Selfishness or self-protection?

There’s this song that I feel embodies my most violent emotions about what it means to be a single adult who has a younger sister with disabilities: Ordinary, by Train. Yes, the song from Spider-Man 2. (Remember the posts about how we are nerds?)

And when the world is on its knees with me it’s fine
And when I come to the rescue I get nothing but left behind
Everybody seems to be getting what they need where’s mine
‘Cause you’re what I need so very but I’m anything but ordinary

As physically typical and privileged as I might be, I’m not exactly “ordinary.” Even if you just accept the frequently-associated connotation of ordinary as lack of excitement, dry, or otherwise, well, boring. I stand out by being Lily’s sister, by my own PhD, by our mutual status as children of a mixed marriage that is also 100% a numerically minority (if well recognized) religion. People often describe me as weird. I am rather proud of that. 😉 I’m single at the age of 30, with a young but flourishing career that takes a lot of energy to maintain. (An established woman scientist commented during a discussion group I was part of that she sees women investing more energy in their students than men; students almost become surrogate children sometimes. I would argue that it’s a side effect of being a devoted teacher, having known men who also seem to give huge amounts of energy in the classroom.) I find myself feeling like I have more in common with the stereotypical man of my age, “ready to settle down and support a family,” than the stereotypical woman of my age who wants to start a family.

And it’s all complicated by Lily’s place in my life, the way I feel like I can’t easily depend on someone else to help me, despite an almost desperate desire to do so. I Must Be Self-Sufficient Because She Can’t Be. Learning how to let people into my life has been a huge challenge, and right now I feel the absence of a supportive partner keenly. I have, essentially, no regrets about giving what I have to Lily, even if I’m scared of what it will mean to give even more for her. She’s my sister – there’s no way in hell I’m going to abandon her or let other people hurt her. But it hurts some days when I realize that I don’t let people support me, and how that may eventually mean that I won’t be as healthy and strong as I need to be in order to keep supporting her.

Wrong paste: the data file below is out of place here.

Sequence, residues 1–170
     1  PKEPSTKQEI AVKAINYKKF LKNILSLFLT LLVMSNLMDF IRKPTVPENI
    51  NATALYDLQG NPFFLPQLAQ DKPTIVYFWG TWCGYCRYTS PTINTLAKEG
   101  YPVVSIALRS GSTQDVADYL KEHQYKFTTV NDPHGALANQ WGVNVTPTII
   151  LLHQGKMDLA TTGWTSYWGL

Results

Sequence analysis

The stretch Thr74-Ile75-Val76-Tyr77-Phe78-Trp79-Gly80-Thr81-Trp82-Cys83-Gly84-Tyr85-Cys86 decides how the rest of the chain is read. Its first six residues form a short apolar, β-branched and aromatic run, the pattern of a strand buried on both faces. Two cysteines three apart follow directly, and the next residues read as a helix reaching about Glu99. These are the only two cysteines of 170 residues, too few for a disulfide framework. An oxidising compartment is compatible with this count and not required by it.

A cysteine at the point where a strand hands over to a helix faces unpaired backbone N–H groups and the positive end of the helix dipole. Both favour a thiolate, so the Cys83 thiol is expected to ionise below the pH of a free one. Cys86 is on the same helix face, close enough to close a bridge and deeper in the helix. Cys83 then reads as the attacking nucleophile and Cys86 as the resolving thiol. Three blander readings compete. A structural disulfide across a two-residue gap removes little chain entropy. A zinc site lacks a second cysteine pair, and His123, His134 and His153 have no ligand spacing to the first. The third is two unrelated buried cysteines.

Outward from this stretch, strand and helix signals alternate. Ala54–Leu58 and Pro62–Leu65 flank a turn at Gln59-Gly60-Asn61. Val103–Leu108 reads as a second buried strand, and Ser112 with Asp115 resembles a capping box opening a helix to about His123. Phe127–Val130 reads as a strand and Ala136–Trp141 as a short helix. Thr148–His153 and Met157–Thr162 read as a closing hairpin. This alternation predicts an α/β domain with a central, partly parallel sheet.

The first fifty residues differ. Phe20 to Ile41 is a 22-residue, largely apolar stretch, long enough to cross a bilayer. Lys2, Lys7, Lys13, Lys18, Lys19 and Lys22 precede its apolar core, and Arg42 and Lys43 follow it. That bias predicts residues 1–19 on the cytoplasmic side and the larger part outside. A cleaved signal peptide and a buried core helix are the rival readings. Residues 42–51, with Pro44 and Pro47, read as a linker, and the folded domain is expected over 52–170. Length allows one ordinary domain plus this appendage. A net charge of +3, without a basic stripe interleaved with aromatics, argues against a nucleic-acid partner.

I have conversations about this with my friends. (I have some absolutely amazing friends. I may want to have a primary romantic relationship, but wow, my friends are awesome and make my life so much better.) One of the ideas I think I developed during childhood was that I somehow had to earn attention or affection that was manifestly obvious; I knew I was loved and celebrated by my parents, but you know, it’s really hard to do something special with the kid who is able to quietly, happily play with her Legos while her sister needs hours of effort to learn speech or sign language well enough to ask for juice. Don’t get me wrong, I had a supremely excellent childhood, but sometimes it’s hard to remember that just being me is enough reason to “deserve” love, attention, or happiness. One of my friends recently reminded me that it’s okay to be happy, and just having her say that was such an emotional moment of relief so strong that I recall fighting back tears.

(Quick aside: Have I mentioned the perfectionism thing here yet? That many of us feel like we have to be perfect because of the problems our sibs have? Or that we feel we have to excel in order to be as extraordinary as our sibs are and cause our parents/families to set aside time for us? I find it much, much, much easier when dating to care about someone – cooking for them, paying for meals or movie tickets, getting them gifts, asking about their days and lives – than I do to let someone do that for me, because of that. When I fall short of my perfectionist goals, I don’t like to let people do things nice for me. Which is one reason I’m so ambivalent about celebrating my own birthday, and go all out to celebrate those of my friends and family. It’s sort of all I can do to accept that it’s okay to take a day to celebrate being alive.)

I feel like pulling away from my family just a little bit right now. It hurts to think that, despite the fact that I can tell I need some extra space to fully invest in living in a new place, with a new job and new friends – it hurts because I can’t separate the desire for self-protection and enjoyment of self from selfishness. But this is my birthday month, and I have new clothes and a new haircut and am reconnecting with friends who are now local while finally making new friends, and I want to try to be a grown-up, and just be me, and maybe find someone who can help me enjoy that. And that can’t be a purely negative thing to want.


2 Comments on “Selfishness or self-protection?”